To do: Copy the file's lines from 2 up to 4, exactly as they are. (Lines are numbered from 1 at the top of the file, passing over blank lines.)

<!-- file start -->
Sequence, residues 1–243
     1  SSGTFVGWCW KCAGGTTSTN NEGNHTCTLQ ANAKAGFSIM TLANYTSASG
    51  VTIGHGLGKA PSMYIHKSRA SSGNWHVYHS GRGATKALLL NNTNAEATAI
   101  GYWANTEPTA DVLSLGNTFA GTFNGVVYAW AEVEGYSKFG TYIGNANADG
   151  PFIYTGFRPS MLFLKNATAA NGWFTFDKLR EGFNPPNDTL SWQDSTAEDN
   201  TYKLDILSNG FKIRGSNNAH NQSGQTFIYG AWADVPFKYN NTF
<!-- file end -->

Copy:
     1  SSGTFVGWCW KCAGGTTSTN NEGNHTCTLQ ANAKAGFSIM TLANYTSASG
    51  VTIGHGLGKA PSMYIHKSRA SSGNWHVYHS GRGATKALLL NNTNAEATAI
   101  GYWANTEPTA DVLSLGNTFA GTFNGVVYAW AEVEGYSKFG TYIGNANADG